The Pahlan Insurgencies

Jump to navigation Jump to search
The Pahlan Insurgencies
The Pahlan Insurgencies.jpg
Zamastanian Armed Forces soldiers marching to a protest site in Emerald in 1957.
DateApril 8th, 1953-October 6th, 1958
  • Free Pahlan Front
  • PNLA
  • Commanders and leaders
    New Zamastan Flag1.png Marvin Gaviria
    New Zamastan Flag1.png Paul Sherburne
    New Zamastan Flag1.png Ian Erikbell
    Orville Samu
    Franklin Dapez
    Casualties and losses


    • 692 Killed

    Free Pahlan Front

    • 3,420 killed

    Civilians killed: 2,840

    Total dead: 6,532

    Total injured: 77,500+

    The Pahlan Insurgencies were a series of ethno-nationalist clashes in the province of Pahl in Zamastan during the mid 20th century. Also known internationally as the Pahlan Independence Movement, it is sometimes described as an "irregular war" or "low-level war". The conflict began in the early 1950s during the height of the World War and is usually deemed to have ended with the Sherburne Agreement of 1958. Although the Pahlan Insurgencies primarily took place in Pahl, at times the violence spilled over into parts of the provinces of Zian, Northern Isle, and Jade. The conflict was primarily political and nationalistic, fueled by historical events. It also had an ethnic or sectarian dimension, although it was not a religious conflict. A key issue was the constitutional status of Pahl. Unionists/loyalists, who were mostly members of the Church of Zian, wanted Pahl to remain within the Republic of Zamastan. Pahlan nationalists/republicans, who were mostly members of the Catholic Church of Zamastan, wanted Pahl to leave the Republic. Depending on the faction, there were independence movements, as well as movements to join bordering Gladysynthia to the north and some who, during the World War, wanted to join Drambenburg.

    Increasing tensions led to severe violence in August 1955 and the deployment of Zamastanian troops, and there was near consistent occupation of major Pahlan urban areas such as Abagene, Alanis, and Emerald, and many small villages until the Sherburne Agreement of 1958 ended the fighting. The main participants in the Insurgencies were republican paramilitaries such as the Free Pahlan Front (FPF) and the Pahlan National Liberation Army (PNLA); loyalist paramilitaries such as the Emerald Volunteer Force (EVF) and Alanis Defence Association (ADA); Zamastanian federal security forces—the Zamastanian Armed Forces; and political activists and politicians. Paramilitaries carried out a guerrilla campaign against the Zamastanian security forces, as well as a bombing campaign against infrastructure, commercial and political targets. Zamastanian security forces undertook both a policing and a counter-insurgency role, primarily against the rebel groups. The Insurgencies also involved numerous riots, mass protests and acts of civil disobedience, and led to segregation and the creation of no-go areas.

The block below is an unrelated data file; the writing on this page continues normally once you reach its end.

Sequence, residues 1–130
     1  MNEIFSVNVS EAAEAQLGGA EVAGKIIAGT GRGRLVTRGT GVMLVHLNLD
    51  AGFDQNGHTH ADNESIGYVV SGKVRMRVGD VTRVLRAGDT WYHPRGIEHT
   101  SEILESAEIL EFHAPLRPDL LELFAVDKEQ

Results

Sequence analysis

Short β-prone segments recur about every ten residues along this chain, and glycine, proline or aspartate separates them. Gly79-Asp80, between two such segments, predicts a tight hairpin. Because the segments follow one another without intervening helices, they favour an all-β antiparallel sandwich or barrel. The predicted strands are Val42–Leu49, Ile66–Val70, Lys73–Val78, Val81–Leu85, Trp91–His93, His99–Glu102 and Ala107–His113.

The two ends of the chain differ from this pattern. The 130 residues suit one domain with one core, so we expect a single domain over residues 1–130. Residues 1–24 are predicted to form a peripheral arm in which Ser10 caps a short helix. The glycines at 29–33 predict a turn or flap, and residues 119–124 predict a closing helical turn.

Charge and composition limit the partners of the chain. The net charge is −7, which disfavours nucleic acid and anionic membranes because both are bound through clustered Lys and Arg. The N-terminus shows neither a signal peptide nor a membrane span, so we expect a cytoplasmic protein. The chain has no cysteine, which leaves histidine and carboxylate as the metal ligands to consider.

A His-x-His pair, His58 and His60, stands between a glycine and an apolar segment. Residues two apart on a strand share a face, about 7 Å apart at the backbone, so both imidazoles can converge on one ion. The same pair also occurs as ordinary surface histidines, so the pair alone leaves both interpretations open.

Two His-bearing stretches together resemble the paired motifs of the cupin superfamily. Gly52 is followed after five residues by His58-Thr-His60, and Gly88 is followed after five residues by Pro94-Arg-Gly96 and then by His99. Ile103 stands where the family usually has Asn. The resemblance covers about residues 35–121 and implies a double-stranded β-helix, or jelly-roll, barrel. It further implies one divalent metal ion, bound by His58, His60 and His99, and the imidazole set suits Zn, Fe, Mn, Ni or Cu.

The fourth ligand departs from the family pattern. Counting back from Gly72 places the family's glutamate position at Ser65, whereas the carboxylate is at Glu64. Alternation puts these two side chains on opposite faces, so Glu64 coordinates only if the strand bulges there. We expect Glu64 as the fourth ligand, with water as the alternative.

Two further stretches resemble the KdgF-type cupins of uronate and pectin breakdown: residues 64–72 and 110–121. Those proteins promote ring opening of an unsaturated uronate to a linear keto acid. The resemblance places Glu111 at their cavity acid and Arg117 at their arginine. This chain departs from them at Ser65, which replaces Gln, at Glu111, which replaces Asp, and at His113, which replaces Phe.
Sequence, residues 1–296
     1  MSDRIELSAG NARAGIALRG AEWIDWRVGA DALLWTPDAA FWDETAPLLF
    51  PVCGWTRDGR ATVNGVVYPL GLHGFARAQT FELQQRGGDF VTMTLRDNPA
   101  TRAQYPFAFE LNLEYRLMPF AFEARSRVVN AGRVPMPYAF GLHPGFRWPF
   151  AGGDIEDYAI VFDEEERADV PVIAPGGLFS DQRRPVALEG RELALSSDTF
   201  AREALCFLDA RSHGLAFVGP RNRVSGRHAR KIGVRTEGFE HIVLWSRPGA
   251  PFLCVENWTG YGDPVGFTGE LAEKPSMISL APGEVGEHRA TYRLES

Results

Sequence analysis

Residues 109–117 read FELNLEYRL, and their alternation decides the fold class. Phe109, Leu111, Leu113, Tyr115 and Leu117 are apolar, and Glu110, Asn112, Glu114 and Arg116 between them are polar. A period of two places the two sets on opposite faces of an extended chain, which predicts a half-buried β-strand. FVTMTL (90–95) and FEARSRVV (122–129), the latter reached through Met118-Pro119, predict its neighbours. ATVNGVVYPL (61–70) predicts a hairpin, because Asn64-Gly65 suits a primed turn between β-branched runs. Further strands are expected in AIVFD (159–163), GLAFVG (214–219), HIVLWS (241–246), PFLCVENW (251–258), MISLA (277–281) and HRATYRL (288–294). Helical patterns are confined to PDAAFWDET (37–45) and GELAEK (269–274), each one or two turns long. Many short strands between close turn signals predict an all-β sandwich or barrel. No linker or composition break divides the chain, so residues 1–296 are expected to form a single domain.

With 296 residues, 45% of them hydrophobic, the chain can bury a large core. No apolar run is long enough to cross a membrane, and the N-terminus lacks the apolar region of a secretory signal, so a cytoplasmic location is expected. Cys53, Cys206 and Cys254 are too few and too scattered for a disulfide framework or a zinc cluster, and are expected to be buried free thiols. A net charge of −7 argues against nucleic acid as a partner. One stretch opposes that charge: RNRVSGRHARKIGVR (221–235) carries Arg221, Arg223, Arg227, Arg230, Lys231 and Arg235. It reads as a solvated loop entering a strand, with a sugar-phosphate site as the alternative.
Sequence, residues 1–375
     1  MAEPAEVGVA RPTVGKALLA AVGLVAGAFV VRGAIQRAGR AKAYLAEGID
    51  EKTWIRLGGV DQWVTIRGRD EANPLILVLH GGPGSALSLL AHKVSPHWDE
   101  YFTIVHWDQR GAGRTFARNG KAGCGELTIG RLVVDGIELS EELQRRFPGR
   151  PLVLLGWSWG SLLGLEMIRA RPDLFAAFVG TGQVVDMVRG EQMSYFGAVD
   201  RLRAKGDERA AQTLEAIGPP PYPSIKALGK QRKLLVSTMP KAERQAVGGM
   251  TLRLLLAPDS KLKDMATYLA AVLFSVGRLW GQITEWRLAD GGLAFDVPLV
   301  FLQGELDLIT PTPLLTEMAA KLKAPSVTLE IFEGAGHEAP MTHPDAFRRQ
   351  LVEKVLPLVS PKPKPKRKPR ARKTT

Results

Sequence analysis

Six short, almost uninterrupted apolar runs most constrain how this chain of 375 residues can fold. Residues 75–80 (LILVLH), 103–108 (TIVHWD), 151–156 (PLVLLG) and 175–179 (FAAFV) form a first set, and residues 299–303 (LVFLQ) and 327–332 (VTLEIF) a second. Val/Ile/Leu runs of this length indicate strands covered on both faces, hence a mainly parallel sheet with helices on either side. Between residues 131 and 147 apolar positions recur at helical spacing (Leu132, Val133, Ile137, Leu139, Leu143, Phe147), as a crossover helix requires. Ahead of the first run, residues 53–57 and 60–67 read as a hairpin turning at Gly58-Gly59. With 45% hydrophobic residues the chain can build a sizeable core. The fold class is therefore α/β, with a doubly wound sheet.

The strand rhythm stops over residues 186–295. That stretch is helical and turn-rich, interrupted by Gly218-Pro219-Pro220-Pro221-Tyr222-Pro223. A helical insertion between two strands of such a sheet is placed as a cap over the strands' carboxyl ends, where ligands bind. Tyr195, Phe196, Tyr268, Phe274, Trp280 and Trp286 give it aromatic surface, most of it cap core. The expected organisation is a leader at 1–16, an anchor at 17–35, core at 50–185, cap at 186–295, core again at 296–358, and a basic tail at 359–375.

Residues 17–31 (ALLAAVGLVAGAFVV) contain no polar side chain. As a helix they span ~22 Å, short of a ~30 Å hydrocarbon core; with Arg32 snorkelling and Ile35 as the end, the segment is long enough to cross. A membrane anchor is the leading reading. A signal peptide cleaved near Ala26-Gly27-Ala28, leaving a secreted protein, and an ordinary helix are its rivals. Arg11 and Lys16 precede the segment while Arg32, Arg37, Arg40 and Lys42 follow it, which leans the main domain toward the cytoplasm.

More than 6,532 people were killed in the conflict, of whom 40% were civilians. There were sporadic outbreaks violence after the Sherburne Agreement was signed, including a campaign by anti-ceasefire rebels, until the mid 1960s. Though the movement widely died down and practically went away entirely by the 1970s, it is believed that the insurgencies invigorated independence campaigns in Mayotte and Auraine, and the creation of the Bloc Mayotte party was a direct result of the political chaos after the insurgencies. As a result of the lasting legacy of the insurgencies, the Bettencourt movement of 2019-20 eventually culminated in the independence of the Three Eastern Provinces.



    August 1955

    Deployment of Federal Forces

    Federal Occupation of Pahl

    First Ceasefire



    Second Ceasefire

    Third Ceasefire

    Sherburne Agreement



    Social repercussions

    International Reactions


    Hardline catholics of Verdusa were open in their support of the Free Pahlan Front's independence movement. The Verdusan government was quietly sympathetic to the separatist cause. However, there were multiple cases of individual Verdusans, both living in Verdusa and abroad in Zamastan, travelling to fight for the separatists in Pahl. There were concerns from Zamastanian authorities that Verdusian government officials were covertly funding separatist movements, though this was merely speculation.